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Jun
1
revised Second pair of matching birthdays
deleted 4 characters in body
May
31
revised Second pair of matching birthdays
added 499 characters in body
May
31
comment Second pair of matching birthdays
I agree with you that this is the probability of obtaining 2 (or more) collisions throwing $n$ balls into $M$ bins, but I was asking for an expectation. Every technique I know of requires computing a sum.
May
31
comment Second pair of matching birthdays
My statement is "ball lands in an occupied bin" twice; that would encompass both or your scenarios. (Restricting to either of your two sub-cases would be interesting problems as well... I would be happy to see a solution to any of them.)
May
31
asked Second pair of matching birthdays
May
26
revised Expected tail and head length of $\rho$ for a finite random function
deleted 11 characters in body
May
18
awarded  Nice Answer
Apr
28
answered Pythagorean theorem and its cause
Apr
24
comment Expected length of a sequence that contains all words of a given length.
I know I'm getting old when a related question was asked by me and I have no memory of asking it.
Apr
24
asked Expected length of a sequence that contains all words of a given length.
Apr
21
comment Prove or disprove isomorphic graphs
It should be classified as "group theory" instead of "graph theory." Even if this problem came from graph theory, your presentation of it leaves no trace of that evolution and you've given it as a pure group theory problem.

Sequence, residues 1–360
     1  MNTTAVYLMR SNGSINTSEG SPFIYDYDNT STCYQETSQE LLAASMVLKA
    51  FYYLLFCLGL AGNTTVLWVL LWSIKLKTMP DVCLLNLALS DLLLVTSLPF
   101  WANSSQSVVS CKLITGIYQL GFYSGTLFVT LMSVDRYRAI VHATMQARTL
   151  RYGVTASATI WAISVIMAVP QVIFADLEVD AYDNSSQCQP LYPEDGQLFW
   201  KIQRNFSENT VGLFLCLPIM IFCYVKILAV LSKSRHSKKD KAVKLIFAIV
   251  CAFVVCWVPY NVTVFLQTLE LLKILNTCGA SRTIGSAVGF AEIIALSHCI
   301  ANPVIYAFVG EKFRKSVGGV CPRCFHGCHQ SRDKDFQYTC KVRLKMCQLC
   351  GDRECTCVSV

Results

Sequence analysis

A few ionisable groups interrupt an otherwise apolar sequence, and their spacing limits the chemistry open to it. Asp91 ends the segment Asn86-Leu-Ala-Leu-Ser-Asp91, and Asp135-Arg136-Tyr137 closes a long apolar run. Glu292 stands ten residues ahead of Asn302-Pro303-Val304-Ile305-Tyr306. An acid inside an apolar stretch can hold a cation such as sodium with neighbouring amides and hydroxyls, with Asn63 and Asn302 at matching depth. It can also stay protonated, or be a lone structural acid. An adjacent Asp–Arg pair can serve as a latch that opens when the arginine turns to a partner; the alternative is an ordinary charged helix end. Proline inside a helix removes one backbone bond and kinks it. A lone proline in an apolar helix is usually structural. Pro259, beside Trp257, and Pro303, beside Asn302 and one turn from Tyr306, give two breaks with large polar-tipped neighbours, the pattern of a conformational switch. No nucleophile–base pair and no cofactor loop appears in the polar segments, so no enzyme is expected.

Apr
21
answered Prove or disprove isomorphic graphs
Apr
10
answered Classifying Algebraic Structures as Fields
Mar
25
comment What do the symbols d/dx and dy/dx mean?
The confusion often arises from the fact that many writers call $dy/dx$ a "symbol" as if it were atomic, but then later start doing algebra with it. This leads to the question, "well, then what is $dy$ really?"
Mar
10
comment Summation of element of a subset and divition
I think your two added assumptions are reasonable enough to make the original question interesting. But 8 feels quite arbitrary now.
Mar
8
comment Summation of element of a subset and divition
Technically, it is true: the empty set is always a subset of $A$ and 8 divides 0.
Mar
6
revised How to prove $\det(e^A) = e^{\operatorname{tr}(A)}$?
edited title
Mar
1
comment Continued Fraction [1,1,1,…]
You're welcome. This is the cutest (and most elementary) solution I could think of. Good luck.
Feb
26
answered Continued Fraction [1,1,1,…]
Feb
26
comment Continued Fraction [1,1,1,…]
I think this is the argument the OP already has but is worried about. But thanks for the lovely typesetting nonetheless. :)